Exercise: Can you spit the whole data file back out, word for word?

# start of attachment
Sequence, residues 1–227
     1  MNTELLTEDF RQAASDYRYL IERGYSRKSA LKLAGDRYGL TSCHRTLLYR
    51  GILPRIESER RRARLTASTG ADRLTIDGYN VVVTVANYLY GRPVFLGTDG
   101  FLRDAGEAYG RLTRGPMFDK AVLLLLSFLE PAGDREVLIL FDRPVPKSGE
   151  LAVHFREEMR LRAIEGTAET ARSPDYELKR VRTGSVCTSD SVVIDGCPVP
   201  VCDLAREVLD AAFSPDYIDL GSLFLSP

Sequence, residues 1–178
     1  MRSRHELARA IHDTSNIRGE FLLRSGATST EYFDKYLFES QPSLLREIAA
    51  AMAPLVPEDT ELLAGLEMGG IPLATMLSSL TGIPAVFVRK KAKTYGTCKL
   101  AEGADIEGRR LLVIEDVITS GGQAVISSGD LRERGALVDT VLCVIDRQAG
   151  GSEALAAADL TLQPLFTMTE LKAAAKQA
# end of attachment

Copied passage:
Sequence, residues 1–227
     1  MNTELLTEDF RQAASDYRYL IERGYSRKSA LKLAGDRYGL TSCHRTLLYR
    51  GILPRIESER RRARLTASTG ADRLTIDGYN VVVTVANYLY GRPVFLGTDG
   101  FLRDAGEAYG RLTRGPMFDK AVLLLLSFLE PAGDREVLIL FDRPVPKSGE
   151  LAVHFREEMR LRAIEGTAET ARSPDYELKR VRTGSVCTSD SVVIDGCPVP
   201  VCDLAREVLD AAFSPDYIDL GSLFLSP

Sequence, residues 1–178
     1  MRSRHELARA IHDTSNIRGE FLLRSGATST EYFDKYLFES QPSLLREIAA
    51  AMAPLVPEDT ELLAGLEMGG IPLATMLSSL TGIPAVFVRK KAKTYGTCKL
   101  AEGADIEGRR LLVIEDVITS GGQAVISSGD LRERGALVDT VLCVIDRQAG
   151  GSEALAAADL TLQPLFTMTE LKAAAKQA